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Blastocystis genetic diversity among children of low-income daycare center in Southeastern Brazil

Oliveira-Arbex, Ana Paula, David, Érica Boarato, Guimarães, Semíramis
Infection, genetics, and evolution 2018 v.57 pp. 59-63
Blastocystis, DNA, alleles, birds, children, day care centers, dogs, eukaryotic cells, feces, genetic variation, human diseases, human population, humans, parasites, polymerase chain reaction, Brazil, Europe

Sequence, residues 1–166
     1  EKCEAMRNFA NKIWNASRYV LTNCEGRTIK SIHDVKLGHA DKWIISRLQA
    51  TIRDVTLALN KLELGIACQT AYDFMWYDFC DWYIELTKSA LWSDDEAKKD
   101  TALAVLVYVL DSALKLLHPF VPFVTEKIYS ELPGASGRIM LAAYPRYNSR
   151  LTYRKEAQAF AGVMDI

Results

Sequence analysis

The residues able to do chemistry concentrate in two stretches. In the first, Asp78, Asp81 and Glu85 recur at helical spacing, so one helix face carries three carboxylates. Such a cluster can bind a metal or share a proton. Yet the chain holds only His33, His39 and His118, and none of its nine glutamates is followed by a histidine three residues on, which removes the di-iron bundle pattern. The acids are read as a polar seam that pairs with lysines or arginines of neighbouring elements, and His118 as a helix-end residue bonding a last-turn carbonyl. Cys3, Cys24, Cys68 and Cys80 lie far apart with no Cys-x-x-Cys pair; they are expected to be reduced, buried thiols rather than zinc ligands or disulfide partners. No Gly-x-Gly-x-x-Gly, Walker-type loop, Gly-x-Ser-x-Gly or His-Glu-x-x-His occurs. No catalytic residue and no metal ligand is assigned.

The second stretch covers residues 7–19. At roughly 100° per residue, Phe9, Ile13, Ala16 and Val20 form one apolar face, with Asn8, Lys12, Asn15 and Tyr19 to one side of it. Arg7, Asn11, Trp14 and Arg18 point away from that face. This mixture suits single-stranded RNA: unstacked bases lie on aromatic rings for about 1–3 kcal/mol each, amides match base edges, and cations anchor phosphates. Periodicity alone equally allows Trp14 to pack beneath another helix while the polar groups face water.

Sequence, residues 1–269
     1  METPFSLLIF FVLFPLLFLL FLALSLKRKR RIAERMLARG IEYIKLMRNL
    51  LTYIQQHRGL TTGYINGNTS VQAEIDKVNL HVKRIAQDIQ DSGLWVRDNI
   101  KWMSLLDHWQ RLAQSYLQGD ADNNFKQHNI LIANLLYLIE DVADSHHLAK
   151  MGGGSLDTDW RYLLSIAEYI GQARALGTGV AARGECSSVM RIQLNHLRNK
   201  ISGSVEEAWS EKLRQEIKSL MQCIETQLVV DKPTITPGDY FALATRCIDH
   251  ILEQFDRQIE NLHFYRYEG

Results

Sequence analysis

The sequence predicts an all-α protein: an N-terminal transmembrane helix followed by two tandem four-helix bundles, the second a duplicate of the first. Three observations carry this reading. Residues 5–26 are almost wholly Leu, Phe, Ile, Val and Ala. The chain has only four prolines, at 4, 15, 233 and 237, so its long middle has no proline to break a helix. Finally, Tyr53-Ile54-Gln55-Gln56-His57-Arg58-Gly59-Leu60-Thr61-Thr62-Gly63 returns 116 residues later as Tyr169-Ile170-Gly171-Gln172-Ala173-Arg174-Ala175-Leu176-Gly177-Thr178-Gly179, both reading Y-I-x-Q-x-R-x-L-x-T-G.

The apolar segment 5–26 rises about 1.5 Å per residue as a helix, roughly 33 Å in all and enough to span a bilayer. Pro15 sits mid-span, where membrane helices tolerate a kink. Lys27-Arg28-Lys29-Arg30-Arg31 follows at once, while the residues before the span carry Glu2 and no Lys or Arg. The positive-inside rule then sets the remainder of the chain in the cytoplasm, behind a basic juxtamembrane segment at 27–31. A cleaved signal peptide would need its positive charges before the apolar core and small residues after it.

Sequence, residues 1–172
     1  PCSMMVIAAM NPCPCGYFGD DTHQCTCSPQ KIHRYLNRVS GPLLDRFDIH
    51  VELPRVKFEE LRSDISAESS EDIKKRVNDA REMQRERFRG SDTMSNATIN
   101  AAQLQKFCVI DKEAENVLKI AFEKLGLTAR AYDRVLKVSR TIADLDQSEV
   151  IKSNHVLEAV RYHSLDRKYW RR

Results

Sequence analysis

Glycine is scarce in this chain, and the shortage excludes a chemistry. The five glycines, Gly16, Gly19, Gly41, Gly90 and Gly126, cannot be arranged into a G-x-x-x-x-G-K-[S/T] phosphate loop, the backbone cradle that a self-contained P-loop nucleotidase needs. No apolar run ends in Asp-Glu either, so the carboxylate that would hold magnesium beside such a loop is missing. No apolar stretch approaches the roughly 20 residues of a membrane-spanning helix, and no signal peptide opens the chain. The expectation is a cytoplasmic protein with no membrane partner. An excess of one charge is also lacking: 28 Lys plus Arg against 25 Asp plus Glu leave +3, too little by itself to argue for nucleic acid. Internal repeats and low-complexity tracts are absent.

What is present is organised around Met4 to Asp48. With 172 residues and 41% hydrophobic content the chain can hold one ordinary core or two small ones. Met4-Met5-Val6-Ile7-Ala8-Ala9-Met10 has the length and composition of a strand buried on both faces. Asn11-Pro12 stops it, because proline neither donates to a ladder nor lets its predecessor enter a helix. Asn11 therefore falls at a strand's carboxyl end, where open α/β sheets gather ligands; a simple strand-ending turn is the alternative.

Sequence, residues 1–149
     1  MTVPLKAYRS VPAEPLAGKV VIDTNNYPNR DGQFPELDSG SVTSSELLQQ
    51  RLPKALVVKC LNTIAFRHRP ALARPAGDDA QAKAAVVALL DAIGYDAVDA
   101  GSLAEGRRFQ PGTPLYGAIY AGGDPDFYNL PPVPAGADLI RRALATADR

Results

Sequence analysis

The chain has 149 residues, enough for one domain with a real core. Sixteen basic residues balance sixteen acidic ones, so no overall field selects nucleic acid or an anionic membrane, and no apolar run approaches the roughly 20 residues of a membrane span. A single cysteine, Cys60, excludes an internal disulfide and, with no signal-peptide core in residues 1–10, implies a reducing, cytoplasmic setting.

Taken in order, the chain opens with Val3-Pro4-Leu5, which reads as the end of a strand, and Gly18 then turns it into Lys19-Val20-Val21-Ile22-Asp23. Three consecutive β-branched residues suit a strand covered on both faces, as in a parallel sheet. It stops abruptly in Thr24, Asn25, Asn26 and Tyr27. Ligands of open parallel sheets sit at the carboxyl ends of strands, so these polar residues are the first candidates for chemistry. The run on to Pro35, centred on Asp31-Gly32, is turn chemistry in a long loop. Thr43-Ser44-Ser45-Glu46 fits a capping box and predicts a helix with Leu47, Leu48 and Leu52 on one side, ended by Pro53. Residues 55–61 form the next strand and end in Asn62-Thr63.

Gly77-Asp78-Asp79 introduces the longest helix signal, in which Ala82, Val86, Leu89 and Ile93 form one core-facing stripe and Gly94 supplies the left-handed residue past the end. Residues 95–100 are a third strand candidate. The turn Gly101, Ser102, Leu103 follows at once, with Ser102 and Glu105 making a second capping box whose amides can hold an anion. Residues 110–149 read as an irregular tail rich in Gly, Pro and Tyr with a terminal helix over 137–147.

Blastocystis, an unicellular anaerobic eukaryote, is known to be a very common intestinal parasite found in humans and animals fecal samples worldwide. Currently, there is an increasing interest to yield insights into its prevalence and diversity in human populations living in poor and deprived areas. In this study, we describe the prevalence and genetic variability of Blastocystis isolates obtained from daycare center attendees aged 0 to 6years and staff, as well as some children family members and their dogs in a low-income community in São Paulo State, Brazil. A total of 181 stool samples (123 from daycare children, 14 from workers, 44 from household members and 20 from dogs) were submitted to DNA extraction, tested by polymerase chain reaction (PCR) targeting the SSUrDNA gene and the amplicons retrieved were sequenced. The prevalence of Blastocystis was 40.7% (50/123) in children, 28.6% (4/14) in workers and 50% (22/44) in household members. No dog was found positive. Of the 76 PCR products generated, 57 were successfully sequenced. Four subtypes were identified and the most common were ST1 (54.4%) and ST3 (33.3%), followed by ST2 (7.0%) and ST7 (5.3%). The intra-subtype analysis revealed a total of 10 different alleles previously reported. No statistically significant correlation was observed between subtypes and sociodemographic variables analyzed. Here, the following findings must be highlighted: (1) predominance of subtypes 1 and 3, a pattern that has been observed in many populations worldwide; (2) absence of ST4, a common subtype in Europe but rarely detected in South America's human populations and, (3) human infection with ST7, a subtype primarily found in birds but occasionally seen in human infections, raising the possibility of zoonotic transmission.